The Mother of All Stock Market Manias
It seems that only 0.1% of the time during the last 70 years has the S&P 500 traded at a higher forward PE (price-to-earnings) multiple than it does today. That’s equal to 4 weeks out of the 3,640 weeks since 1950.
In a world faced by COVID lockdowns, staggering amounts of debt, central bank money-pumping extremes, and outright fiscal insanity in Washington, why is the present moment more propitious for the valuation of corporate earnings than during 99.9% of the time since the Korean War?
Of course, it is not. Not remotely so.
Instead, the Fed and the other central banks have led the robo-machines, day-traders, and Robinhood waifs into the most hideous stock-chasing mania in recorded history.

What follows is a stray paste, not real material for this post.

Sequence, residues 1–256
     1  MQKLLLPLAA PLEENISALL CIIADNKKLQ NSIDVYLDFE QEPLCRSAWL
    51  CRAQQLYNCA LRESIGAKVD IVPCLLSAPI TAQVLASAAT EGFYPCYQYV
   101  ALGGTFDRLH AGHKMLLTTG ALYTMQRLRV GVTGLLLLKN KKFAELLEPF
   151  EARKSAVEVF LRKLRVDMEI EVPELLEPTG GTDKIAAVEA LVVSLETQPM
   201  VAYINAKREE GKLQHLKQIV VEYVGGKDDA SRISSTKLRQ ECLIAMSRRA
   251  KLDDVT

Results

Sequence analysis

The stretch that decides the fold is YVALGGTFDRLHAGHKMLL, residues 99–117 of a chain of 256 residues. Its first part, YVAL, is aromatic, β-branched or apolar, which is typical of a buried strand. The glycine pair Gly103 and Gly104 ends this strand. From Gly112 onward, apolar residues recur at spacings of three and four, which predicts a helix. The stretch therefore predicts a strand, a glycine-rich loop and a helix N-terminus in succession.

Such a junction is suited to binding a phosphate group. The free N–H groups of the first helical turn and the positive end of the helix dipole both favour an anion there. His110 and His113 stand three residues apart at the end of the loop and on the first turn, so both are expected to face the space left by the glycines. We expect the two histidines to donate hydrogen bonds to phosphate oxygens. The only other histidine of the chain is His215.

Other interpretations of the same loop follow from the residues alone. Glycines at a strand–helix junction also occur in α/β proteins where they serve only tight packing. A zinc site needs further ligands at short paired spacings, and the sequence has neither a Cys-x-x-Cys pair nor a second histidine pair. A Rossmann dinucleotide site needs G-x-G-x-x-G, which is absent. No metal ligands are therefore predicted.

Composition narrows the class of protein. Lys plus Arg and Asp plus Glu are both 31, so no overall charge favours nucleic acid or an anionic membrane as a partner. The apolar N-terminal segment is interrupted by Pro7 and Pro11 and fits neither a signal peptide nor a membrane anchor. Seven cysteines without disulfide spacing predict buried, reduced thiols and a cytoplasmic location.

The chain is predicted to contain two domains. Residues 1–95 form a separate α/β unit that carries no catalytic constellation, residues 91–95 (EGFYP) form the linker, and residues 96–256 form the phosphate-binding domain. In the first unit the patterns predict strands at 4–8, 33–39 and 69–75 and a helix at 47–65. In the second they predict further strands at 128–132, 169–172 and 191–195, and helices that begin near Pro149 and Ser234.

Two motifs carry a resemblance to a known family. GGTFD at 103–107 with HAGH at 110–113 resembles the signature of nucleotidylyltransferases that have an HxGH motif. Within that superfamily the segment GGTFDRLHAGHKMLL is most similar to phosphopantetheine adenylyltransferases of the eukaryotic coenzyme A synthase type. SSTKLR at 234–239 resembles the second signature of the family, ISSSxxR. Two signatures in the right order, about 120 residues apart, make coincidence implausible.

Here are just a few of the market extremities:
- Amazon is now 43% of the S&P 500 consumer discretionary index;
- Nearly two-thirds of the market is underperforming so far this year;
- Year-to-date, only one in three stocks is actually in the green;
- One in five stocks is down 50% or more from its all-time high;
- The five largest stocks in the S&P 500 have a combined market cap that equals that of the “smallest” 389 stocks;
- Apple, Amazon, Microsoft, and Google—four companies—have a combined market cap (over $6 trillion) that is greater than the GDP of every country in the world, minus the US and China;
- Tesla, having surpassed Walmart (with one-twentieth of the revenue!), has become the ninth-largest stock in the US.
How could the S&P 500 be trading at its highest multiple in 70 year
Article from LewRockwell